Is a comic book character's sexual orientation really news?

Editor's note: Erika D. Peterman is a Florida-based writer and editor, and the co-creator of the comics blog

After DC Comics made it official that Green Lantern Alan Scott is gay, the reaction from the Trolliverse was as predictable as it was ridiculous. On Facebook, a friend hilariously mocked the all-caps, incorrectly punctuated outrage thusly:


It’s safe to say that those people didn’t pick up “Earth 2” No. 2 last week, when Scott made his debut in the relaunched DC Universe. Gay characters in mainstream comics aren’t new, but DC took a chance in changing the sexual orientation of an established character like Scott. Before the relaunch, he was a middle-aged hero whose son, Obsidian, was gay.

The coy, press-baiting runup to the announcement is another matter.

To be fair, DC didn’t make a big deal out of it initially. The site Bleeding Cool reported that, in response to a question about LGBT characters at London’s Kapow comic book convention, DC Co-publisher Dan DiDio said a yet-unnamed, existing straight character would be relaunched as gay in the new 52. Speculation was inevitable.

But then the company started using words like “mystery” and “big upcoming twist,” giving the whole thing a tacky, Where’s Waldo? quality. DC also said the character would be iconic, but that turned out to be a stretch. An icon is someone that the average person on the street recognizes. Let’s be real here: Scott is well-known to people who read comics, but he isn’t Clark Kent or even Hal Jordan. To get really technical about it, Earth 2 isn’t even main continuity but a parallel universe.

Around the same time, Marvel made headlines of its own with the news of X-Men character Northstar’s marriage to his boyfriend, Kyle. (Marvel revealed that Northstar was gay in 1992.) Given the ongoing debate in this country over gay couples’ right to get married, one could argue that this event is at least topical, and comic book nuptials have been the subjects of news releases before. But in the case of Scott, should the mere fact of a character’s sexual orientation be the subject of a teasing publicity grab? Why not just let the character speak for himself and then let the blogosphere go to town?

Sure, Archie Comics got plenty of attention in 2010 after introducing its first gay character, Kevin Keller, who wed his boyfriend in the alternate-reality “Life with Archie” series. But considering that Archie Comics hadn’t exactly been known for risk-taking and there were no gay characters in Riverdale previously, Kevin’s arrival seemed legitimately noteworthy.

Brian Andersen, a pro-LGBT independent comics creator and longtime comics reader, said that while there is an element of exploitation in DC’s actions, there is also an upside.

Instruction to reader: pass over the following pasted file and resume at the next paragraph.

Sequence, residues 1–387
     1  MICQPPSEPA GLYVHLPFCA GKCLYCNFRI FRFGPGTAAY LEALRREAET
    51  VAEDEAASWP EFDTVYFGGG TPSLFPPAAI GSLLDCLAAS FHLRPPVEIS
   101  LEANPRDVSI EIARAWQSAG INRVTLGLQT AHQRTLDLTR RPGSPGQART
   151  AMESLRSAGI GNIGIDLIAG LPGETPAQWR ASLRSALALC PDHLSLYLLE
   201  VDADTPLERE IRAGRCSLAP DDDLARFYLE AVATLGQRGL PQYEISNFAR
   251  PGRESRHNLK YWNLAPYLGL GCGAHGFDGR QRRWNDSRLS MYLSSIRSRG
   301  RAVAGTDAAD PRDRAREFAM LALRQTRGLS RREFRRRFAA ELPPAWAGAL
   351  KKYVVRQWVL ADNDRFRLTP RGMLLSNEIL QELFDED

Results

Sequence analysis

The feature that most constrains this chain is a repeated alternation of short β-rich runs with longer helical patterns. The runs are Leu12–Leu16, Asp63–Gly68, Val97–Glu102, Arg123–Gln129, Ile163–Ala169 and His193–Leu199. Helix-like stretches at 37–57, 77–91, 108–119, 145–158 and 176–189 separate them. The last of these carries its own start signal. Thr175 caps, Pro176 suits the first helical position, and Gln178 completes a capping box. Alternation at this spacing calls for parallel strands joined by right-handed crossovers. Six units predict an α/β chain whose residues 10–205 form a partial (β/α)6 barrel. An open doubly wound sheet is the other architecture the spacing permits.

“Do I view this exploitation as a terrible, awful, negative thing? Not so much,” Andersen said. “If only because, in the long run, whether it’s with these recent ‘big gay additions’ to mainstream comics being tossed into the superhero stew for monetary reasons or publicity’s sake, or because of a genuine desire to better reflect our current culture … the end result will eventually lead us down the same path and to the same destination: widespread acceptance and support of LGBT people.”

And for all the trolling, there’s evidence that this is already happening. In a case of the Internet being awesome, fans overwhelmed the One Million Moms Facebook page with pro-DC sentiments after the organization posted a warning (their words) about Green Lantern being gay. DC’s Batwoman, who is lesbian, was so well-received after her 2009 debut in "Detective Comics" that she got her own ongoing title. Same with Keller, who became an Archie fan favorite.

Andersen said the introduction of gay superheroes remains groundbreaking and newsworthy for a couple of reasons. They remain rare in mainstream comics. That they exist at all comes as a surprise to bystanders who assume, incorrectly, that comic books are a kiddie affair. Just as the creation of African-American characters in the 1960s and ’70s reflected the nation’s cultural evolution — even with the cringe-inducing names — so does the growing visibility of caped crime-fighters who happen to be gay, he said.

“For us long-term homosexual comic book geeks, it’s great to see not just a gay hero in our favorite form of literature but also a gay hero with a romantic life, one where they get to share a few on-screen smooches … finally,” Andersen said. “I, for one, welcome the exploitation for now because, it is my fervent hope that in five years or so, this cultural gay hoopla will be so pedestrian and boring that it will barely be worthy of a raised eyebrow.”